Cristo Rey: A Community-Centered Structure and Design Collaboration

Sep 04, 2017

In the heart of East San José lies Cristo Rey San José Jesuit High School with the mission of “empowering students from underserved communities”. Cristo Rey sought community support to tear down an old structure, and replace it with a modern educational facility.

Peoples Associates Structural Engineers (PASE) joined Cristo Rey’s Corporate Partner design team in January 2015, where PASE volunteered to design and engineer the foundation and super structure of the Finn Hall. Engineers Mike Diegert, Jeff Stevens, and Rob Okano collaborated with Barry Swenson Builder and Studio Current Architects to engineer a facility that would allow the students and staff to thrive.

To best optimize the architectural aesthetics with a safe, yet appealing super structure inside and out, PASE engineered a steel special concentrically braced frame. The framing enhances the view from inside of the building by blending into the background, allowing staff and students to enjoy the views of the surrounding East San José hills. The students rave about how they love the natural light, which motivates them to create and learn. The structure accommodates a spacious open-concept floor plan, allowing the staff and students to customize their workspace for any project. The students say that Cristo Rey finally “feels like a real school”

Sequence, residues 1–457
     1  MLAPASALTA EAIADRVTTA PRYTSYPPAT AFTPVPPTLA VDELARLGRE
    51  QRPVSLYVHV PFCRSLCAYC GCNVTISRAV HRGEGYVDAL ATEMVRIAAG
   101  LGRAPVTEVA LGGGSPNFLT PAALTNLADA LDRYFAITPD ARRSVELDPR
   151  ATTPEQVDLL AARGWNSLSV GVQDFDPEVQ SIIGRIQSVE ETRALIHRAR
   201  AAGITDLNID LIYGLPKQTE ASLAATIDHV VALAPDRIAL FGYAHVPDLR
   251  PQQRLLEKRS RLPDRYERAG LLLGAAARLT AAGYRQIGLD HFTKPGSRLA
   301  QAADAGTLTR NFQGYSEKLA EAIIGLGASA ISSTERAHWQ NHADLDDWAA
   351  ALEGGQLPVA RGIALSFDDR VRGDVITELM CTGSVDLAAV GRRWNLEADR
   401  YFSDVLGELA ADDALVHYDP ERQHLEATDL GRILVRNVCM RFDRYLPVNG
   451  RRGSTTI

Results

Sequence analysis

The new building, completed in 2016, includes a two-story, 18,620 square-foot administration and classroom building, constructed on concrete floor slabs over metal deck. The structure includes an entire floor for a collaborative and open-concept administration space, which allows execution of the “Blended Model” learning structure. The new facilities also include a fully equipped science and chemistry lab, making a science program possible for all of the students

Before the new Finn Hall was completed, the 16 staff members were sharing the Principal’s office for everything from prepping for classes to private meetings, and the students were constricted to the old facilities that could not provide what the staff and students needed. Just picture the science teachers doing experiments in the parking lot, in attempt to offer some kind of hands-on experience for the students. Needless to say, the students were held back because of an infrastructure that simply wasn’t cut out for their potential.

The new structure will support 500 students expected in Fall 2017, up from 260 the year before. Only by the generosity of the community and Corporate Partners like PASE, Cristo Rey can enjoy their success in a state of the art facility.